The investigator appointed to look into governance at the Egg Farmers of Ontario marketing board has asked for more time to complete a report that was due this month.
In a brief interim report, the investigator says the Ministry of Finance reviewed the egg board’s finances and found no fault.
But the investigator said he wants more time to check out allegations, filed with the Strathroy police, that there has been fraud at L.H. Gray and Sons Ltd. related to egg grading.
The report says egg grading is under the jurisdiction of the Canadian Food Inspection Agency so the egg board has little involvement.
Ot also says egg grading will have little impact on revenues for the egg marketing board, but will influence returns for individual producers.
The egg board's revenues are based on a levy charged only on Grade A eggs and there are allegations filed with the commission that eggs that do not qualify are being classified Grade A.
That would inflate revenues for egg farmers and would be selling something to customers that is not up to the standards claimed on the packaging.
The investigator says he will be watching the ongoing civil lawsuit between Svante Lind’s Best Choice Eggs and the egg board, L.H. Gray and Son Ltd. and Burnbrae Farms Ltd.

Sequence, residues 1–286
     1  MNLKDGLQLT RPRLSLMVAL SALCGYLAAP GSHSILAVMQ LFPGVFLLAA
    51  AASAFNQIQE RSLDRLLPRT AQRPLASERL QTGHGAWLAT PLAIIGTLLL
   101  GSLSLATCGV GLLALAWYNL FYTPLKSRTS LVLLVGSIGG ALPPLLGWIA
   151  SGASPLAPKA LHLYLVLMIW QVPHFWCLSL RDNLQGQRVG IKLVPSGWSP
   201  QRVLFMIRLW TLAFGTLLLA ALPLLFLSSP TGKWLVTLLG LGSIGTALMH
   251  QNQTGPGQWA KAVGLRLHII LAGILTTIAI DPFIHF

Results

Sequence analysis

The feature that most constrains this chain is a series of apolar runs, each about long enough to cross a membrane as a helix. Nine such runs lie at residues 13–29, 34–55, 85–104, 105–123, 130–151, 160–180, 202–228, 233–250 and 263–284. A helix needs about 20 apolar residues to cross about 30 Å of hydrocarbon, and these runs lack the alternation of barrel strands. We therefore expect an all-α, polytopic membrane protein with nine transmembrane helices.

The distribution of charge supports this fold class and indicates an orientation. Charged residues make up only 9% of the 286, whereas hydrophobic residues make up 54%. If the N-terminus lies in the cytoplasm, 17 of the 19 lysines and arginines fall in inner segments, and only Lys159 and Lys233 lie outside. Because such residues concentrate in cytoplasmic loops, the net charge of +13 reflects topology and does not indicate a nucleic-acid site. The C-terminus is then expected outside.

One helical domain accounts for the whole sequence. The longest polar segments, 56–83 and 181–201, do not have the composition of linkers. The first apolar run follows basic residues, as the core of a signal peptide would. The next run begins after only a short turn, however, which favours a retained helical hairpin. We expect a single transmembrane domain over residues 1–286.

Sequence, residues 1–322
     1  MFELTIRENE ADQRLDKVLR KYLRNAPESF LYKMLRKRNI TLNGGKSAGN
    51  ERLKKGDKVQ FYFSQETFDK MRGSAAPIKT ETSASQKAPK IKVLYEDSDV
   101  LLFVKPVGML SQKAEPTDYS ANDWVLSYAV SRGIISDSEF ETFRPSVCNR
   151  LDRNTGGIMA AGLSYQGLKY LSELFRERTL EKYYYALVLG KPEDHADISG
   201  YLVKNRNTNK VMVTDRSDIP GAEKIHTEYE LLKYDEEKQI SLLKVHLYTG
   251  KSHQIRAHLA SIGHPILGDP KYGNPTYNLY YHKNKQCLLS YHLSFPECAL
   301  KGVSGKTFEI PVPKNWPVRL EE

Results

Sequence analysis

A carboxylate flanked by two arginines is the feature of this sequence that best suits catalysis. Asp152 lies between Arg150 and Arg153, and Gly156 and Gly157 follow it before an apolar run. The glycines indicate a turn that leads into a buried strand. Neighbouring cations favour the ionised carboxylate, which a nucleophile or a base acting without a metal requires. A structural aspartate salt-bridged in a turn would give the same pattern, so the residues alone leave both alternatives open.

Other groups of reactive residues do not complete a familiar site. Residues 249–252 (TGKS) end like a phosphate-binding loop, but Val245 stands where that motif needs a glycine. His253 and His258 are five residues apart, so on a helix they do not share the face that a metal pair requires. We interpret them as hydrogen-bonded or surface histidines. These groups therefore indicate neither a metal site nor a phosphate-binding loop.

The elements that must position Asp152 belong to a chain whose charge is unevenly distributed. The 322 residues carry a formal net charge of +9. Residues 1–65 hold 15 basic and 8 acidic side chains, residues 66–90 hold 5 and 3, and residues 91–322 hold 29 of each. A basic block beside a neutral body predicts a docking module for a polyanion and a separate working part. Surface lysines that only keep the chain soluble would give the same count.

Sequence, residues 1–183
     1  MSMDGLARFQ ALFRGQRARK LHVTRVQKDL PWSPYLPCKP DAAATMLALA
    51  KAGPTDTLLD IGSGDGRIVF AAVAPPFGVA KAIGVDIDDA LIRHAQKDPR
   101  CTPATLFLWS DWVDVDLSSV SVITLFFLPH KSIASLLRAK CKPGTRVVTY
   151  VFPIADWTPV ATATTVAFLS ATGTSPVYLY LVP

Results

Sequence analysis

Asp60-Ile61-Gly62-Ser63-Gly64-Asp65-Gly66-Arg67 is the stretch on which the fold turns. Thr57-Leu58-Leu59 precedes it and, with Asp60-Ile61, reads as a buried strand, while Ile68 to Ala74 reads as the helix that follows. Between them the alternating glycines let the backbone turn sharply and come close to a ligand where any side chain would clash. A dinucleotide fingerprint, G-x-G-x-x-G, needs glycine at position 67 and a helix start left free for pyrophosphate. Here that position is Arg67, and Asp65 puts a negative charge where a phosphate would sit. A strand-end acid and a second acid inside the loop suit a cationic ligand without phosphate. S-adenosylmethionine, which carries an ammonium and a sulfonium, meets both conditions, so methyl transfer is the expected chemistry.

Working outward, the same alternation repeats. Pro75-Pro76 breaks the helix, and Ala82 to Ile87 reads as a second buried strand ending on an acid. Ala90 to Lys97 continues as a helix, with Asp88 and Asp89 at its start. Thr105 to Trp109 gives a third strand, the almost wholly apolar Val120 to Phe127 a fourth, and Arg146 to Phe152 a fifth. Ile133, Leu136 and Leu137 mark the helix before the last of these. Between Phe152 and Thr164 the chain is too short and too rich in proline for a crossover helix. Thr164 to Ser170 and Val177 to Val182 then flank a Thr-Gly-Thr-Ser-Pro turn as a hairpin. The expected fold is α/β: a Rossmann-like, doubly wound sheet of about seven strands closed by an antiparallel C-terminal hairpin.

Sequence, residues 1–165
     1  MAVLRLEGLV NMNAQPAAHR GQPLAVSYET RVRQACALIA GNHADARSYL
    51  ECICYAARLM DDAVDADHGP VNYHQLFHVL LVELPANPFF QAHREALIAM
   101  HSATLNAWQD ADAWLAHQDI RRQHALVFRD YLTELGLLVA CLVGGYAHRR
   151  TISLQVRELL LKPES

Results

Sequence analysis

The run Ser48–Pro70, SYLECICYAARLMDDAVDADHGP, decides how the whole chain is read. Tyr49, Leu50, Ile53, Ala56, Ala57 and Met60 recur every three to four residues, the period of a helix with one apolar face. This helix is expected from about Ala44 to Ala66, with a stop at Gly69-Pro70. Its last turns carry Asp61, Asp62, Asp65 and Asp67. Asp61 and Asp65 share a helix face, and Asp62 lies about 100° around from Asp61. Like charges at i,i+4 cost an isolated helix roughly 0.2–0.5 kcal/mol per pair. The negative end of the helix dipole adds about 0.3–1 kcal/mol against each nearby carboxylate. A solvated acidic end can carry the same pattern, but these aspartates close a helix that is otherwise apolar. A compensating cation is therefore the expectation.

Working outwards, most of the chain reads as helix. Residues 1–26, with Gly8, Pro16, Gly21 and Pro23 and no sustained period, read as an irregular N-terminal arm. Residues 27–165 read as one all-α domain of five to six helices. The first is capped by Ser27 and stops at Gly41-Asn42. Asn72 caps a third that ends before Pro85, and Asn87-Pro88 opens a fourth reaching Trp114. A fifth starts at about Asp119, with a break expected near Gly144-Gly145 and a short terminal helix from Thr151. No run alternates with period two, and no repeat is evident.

Lind claims that the three conspired to drive him out of business and that part of that conspiracy involved fraudulent egg grading.
The interim report indicates the lawsuit is in early stages. In fact it has been going on for years and has yet to reach a point where the litigants know how much of a trove of electronic information from Gray’s business will be allowed as evidence in the case.
The report notes that there is a higher percentage of Ontario eggs going “nest run” directly to processors.
Ontario not only directs eggs from older flocks directly to processors but also runs an “eggs-for-processing” program under which flocks are exclusively producing for the processing market at a reduced price.